Limra Reference Project: Abu Dhabi Presidential Palace
The Abu Dhabi Presidential Palace is a massive luxurious construction and a landmark of the Arabian culture. It is also an international reference project for the Limra limestone, which was used for covering and cladding the exterior part of the complex.
This exuberant project combines the traditional Arabic architecture with the palatial prominence and lushness. After all, this is the second most expensive hotel ever built and one of the largest and most diversified palaces in the world with over 1.3km of private beach, 85 hectares of landscaped gardens, 114 domes and an exclusive marina.
When it comes to true luxury, this five star hotel has it all. The interior is fully ornamented and mainly covered in marble. But the threshold rises even further with the 302 luxury rooms and 92 suites, which are all decorated in gold and marble. On the exterior, Limra limestone has been the elected material for most of the cladding and covering of the buildings. Other recommended applications of this limestone have also been applied in this project, including stonework and masonry in the surrounding environments – staircases, walls, sculptures, balusters and others.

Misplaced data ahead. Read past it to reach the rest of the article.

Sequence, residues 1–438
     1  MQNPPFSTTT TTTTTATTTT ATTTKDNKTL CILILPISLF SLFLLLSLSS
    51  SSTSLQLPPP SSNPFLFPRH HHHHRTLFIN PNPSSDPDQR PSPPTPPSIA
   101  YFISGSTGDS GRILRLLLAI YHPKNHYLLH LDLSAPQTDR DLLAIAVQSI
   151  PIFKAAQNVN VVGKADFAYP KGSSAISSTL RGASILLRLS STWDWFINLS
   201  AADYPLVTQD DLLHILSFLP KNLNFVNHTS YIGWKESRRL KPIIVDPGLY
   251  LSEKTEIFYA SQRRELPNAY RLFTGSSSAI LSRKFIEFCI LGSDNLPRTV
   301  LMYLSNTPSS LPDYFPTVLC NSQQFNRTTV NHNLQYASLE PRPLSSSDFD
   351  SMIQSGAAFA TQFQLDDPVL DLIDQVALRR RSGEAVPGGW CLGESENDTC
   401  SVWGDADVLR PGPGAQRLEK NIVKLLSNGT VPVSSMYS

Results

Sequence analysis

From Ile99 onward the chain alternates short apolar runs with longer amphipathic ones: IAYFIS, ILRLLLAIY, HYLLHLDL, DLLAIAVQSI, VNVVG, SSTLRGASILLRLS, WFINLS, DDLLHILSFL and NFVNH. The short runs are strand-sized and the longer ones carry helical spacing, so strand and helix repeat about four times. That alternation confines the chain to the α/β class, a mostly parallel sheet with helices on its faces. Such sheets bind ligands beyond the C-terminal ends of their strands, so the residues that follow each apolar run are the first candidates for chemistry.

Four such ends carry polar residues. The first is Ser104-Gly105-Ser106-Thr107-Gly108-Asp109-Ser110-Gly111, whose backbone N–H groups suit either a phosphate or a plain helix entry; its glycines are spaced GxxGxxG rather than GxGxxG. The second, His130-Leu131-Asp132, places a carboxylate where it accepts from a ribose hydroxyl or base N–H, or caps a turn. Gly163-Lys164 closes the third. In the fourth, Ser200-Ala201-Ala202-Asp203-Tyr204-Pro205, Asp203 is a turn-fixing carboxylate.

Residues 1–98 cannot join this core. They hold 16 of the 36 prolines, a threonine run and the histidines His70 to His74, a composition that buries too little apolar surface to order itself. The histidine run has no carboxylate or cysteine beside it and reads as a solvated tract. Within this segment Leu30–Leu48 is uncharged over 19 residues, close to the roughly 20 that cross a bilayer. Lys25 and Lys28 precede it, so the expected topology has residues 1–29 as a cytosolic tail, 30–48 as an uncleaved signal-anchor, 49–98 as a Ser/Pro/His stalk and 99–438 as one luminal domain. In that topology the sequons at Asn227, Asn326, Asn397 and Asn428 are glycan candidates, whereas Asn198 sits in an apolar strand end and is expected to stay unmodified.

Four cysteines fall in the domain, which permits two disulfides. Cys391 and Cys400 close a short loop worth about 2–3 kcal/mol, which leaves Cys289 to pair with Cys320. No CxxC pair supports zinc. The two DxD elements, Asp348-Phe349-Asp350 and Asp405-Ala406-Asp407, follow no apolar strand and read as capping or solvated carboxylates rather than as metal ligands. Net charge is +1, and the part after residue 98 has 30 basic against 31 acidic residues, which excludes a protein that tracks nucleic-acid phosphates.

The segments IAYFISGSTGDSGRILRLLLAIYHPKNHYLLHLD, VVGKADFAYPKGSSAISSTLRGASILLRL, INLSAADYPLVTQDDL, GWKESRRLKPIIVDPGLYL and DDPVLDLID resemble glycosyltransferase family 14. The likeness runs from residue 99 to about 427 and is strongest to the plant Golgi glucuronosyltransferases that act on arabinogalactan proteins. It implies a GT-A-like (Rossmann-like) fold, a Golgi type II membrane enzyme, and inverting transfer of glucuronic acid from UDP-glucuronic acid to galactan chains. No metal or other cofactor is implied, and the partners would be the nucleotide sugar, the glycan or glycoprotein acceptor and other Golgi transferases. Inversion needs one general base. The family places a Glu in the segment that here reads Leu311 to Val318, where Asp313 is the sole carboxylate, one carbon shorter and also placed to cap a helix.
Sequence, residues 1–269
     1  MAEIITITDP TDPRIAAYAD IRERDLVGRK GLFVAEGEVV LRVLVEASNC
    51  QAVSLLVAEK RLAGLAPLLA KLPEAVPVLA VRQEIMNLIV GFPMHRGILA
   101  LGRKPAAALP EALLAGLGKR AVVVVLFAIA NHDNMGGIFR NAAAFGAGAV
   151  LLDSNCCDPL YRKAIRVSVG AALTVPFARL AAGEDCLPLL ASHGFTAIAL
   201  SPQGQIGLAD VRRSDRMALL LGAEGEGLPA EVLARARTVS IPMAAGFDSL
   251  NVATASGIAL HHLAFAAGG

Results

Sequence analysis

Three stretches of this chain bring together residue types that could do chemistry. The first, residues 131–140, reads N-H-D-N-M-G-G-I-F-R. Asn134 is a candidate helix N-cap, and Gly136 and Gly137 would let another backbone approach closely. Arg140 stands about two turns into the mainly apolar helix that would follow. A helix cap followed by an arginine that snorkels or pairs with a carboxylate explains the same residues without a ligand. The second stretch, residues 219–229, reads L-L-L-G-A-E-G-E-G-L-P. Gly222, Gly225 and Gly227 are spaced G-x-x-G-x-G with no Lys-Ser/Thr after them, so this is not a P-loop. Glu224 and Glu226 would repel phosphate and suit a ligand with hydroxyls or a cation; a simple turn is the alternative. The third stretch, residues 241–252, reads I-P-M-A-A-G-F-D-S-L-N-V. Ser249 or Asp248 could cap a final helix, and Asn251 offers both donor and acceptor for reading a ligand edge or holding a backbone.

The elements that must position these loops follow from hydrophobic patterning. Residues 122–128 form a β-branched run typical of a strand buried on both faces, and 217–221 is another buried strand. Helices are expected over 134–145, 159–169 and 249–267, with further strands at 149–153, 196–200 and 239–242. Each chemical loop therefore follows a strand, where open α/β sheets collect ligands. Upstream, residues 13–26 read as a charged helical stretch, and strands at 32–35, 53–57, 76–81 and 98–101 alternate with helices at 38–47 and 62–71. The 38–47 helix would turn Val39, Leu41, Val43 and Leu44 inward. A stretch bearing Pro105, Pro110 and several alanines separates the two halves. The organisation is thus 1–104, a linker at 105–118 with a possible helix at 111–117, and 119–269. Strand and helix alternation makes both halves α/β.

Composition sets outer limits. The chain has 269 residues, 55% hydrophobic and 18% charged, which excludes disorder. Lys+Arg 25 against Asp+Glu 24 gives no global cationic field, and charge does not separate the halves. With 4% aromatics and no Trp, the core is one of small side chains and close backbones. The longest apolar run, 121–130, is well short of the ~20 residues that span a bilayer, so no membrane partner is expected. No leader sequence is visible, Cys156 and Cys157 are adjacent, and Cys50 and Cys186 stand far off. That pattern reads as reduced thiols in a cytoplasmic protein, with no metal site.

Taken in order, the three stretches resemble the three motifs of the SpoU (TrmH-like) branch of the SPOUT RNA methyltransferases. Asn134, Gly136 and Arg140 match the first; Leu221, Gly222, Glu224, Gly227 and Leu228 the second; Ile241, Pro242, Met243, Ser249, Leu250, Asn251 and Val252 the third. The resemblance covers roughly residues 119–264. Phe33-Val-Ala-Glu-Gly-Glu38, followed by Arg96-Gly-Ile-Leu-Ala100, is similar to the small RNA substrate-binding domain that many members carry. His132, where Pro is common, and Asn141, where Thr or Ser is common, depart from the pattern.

In the present days, the Abu Dhabi Presidential Palace is truly one of the most inspiring hotels in Abu Dhabi and the ultimate destination for guests, which is capable of providing flawless levels of luxury, comfort and leisure. The complex contains all types of services, such as an award-winning cuisine, a fitness and spa center, an entertainment lounge, a separated playground and an advanced technology system.
This emblematic project was designed by architect John Elliott RIBA and built by the Greek construction firm, Consolidated Contractors Company. The construction was concluded in 2005 and it costed around 11.02 billion AED, around 3 billion USD.
Building Type: Governmental/Palace
Location: West Corniche, Abu Dhabi, United Arab Emirates
Materials: Limra Limestone
Applications: Exterior Cladding, Covering, Stonework and Masonry
Images Source: Skyscrapercity.com